Those who consider jazz, arguably America’s only true original
art form, to be too laborious to listen to have never heard
American jazz legend David Baker jam with the CSU music department.
Now they have the chance.
David Baker, an award-winning composer, performer and educator
of jazz is the honored guest at the 23rd Rocky Mountain
Contemporary Music Festival.
“He is our Mount Rushmore figure of jazz. He got it started,”
said CSU professor of jazz and saxophone Peter Sommer who first
heard of Baker when he read “How to Play BeBop,” one of Baker’s
many books on jazz.
Sommer said that he and his students were ecstatic to hear that
Baker was coming to CSU and they have all worked very hard in
preparing for him. He encourages everyone to come see the festival
where music is at its best.
“Jazz is not designed to be background music. Real jazz provides
a certain level of challenge that isn’t necessarily presented in a
lot of popular music today,” Sommer said. “I think a lot of people
are turned off by the fact that jazz is largely instrumental and
lacking lyrics. You have to be prepared to listen. Sometimes people
aren’t willing to take that extra leap that is really worth
For those who haven’t taken that leap, now is the time.
All of the music at the festival is written by Baker, but the
pieces that will be performed are a surprise, Sommer said. Baker
will work with many faculty and students in varied jazz ensembles
and orchestras during the two-day festival.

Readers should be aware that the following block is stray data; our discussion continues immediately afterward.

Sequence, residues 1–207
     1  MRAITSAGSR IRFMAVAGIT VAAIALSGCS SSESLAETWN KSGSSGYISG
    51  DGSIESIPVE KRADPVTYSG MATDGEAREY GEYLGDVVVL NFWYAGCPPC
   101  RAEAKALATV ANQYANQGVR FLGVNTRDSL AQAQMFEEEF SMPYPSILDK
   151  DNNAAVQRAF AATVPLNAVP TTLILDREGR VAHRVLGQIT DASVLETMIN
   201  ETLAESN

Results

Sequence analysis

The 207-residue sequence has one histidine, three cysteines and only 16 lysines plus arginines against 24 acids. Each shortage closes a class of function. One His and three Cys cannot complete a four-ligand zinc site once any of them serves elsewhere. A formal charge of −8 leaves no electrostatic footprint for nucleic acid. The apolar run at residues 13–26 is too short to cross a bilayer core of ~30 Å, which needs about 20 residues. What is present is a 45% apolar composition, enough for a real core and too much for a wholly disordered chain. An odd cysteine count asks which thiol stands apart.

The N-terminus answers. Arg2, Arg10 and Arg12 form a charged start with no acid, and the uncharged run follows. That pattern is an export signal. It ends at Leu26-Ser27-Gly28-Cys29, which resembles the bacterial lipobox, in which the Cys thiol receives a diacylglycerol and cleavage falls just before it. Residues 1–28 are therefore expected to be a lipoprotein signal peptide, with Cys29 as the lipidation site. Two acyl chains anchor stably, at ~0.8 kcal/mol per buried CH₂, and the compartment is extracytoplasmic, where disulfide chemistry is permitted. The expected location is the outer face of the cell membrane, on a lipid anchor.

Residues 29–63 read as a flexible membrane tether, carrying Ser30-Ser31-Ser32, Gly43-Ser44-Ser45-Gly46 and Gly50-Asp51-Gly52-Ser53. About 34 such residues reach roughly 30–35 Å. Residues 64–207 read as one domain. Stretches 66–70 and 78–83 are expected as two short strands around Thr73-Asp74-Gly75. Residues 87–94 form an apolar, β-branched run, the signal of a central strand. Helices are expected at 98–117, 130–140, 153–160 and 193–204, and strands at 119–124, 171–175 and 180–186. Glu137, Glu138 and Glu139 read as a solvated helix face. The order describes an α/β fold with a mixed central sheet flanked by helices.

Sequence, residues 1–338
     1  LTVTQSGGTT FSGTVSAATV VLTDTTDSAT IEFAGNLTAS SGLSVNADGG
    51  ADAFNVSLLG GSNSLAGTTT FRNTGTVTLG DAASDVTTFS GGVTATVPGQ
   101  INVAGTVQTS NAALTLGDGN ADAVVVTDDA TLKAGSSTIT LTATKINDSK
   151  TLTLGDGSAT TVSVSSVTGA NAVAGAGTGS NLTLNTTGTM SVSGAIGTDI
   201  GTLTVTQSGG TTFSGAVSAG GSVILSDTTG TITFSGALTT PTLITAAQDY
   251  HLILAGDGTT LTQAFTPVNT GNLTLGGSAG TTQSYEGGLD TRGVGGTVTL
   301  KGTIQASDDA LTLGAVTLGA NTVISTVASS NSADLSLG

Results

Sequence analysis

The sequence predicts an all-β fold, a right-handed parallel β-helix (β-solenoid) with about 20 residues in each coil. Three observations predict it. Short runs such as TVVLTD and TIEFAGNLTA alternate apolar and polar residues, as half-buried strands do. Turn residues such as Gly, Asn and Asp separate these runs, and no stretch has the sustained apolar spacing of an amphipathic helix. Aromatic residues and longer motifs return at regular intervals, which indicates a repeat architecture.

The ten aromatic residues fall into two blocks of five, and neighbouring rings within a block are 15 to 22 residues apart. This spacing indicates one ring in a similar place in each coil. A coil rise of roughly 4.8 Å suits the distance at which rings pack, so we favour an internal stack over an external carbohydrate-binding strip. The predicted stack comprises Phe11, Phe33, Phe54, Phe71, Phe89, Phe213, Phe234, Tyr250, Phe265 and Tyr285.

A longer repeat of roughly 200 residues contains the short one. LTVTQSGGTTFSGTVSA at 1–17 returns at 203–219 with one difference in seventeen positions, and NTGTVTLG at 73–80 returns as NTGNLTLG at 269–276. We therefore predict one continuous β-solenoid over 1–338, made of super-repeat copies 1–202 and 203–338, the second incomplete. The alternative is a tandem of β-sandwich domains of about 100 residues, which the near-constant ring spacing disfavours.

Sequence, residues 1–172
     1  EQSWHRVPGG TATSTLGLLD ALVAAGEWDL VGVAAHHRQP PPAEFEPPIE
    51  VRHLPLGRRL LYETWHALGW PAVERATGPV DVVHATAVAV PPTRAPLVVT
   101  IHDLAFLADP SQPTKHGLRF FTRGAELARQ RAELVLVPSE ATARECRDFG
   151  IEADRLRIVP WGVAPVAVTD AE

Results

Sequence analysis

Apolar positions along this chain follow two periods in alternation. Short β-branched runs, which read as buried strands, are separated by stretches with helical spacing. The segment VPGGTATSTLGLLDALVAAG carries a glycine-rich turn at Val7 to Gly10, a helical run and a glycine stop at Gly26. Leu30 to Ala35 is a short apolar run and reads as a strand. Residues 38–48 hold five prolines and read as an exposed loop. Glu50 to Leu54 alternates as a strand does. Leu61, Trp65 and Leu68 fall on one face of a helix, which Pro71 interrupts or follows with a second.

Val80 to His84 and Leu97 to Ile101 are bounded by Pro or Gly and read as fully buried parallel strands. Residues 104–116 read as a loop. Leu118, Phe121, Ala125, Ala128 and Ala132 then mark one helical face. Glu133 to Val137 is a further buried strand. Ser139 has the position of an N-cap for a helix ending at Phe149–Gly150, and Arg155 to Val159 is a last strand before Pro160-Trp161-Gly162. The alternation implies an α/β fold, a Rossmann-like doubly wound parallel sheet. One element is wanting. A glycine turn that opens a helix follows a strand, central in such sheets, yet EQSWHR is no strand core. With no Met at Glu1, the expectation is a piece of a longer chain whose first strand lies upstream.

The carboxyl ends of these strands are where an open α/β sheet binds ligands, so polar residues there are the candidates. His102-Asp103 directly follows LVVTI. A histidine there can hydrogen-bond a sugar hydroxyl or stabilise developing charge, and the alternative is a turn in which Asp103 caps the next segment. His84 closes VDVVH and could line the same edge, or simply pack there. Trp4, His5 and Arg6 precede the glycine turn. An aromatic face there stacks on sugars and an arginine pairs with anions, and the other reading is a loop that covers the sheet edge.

Baker has written over 200 books and has composed thousands of
pieces that all vary in nature and style. To miss him would be a
grave mistake, said Pete Tolsma, publicity director of the music,
theatre and dance department of performing arts.
“David Baker is one of the key influences of modern jazz.
Instrumentally, he made it what it is today,” Tolsma said. “To have
somebody of this caliber and magnitude come to CSU is very
The Rocky Mountain Contemporary Music Festival begins on Monday
in the music building recital hall at 7:30 p.m. and an additional
performance can be seen on Tuesday in the Lory Student Center
Theatre beginning at 7:30 p.m.
This very rare event was difficult to organize since Baker is
such a huge figure in the jazz community and is very busy as the
director of the Smithsonian Jazz Masterworks Orchestra, the
president of the International Association of Jazz education and
the director of music at Indiana University, according to
“I hope people take advantage of the fact of what a rare
opportunity this is,” Tolsma said.
Info Box (if needed): Baker has been nominated for both a
Pulitzer Prize and a Grammy and has received numerous awards
including the National Endowment for the Arts American Jazz Masters
Award, the National Association of Jazz Educators Hall of Fame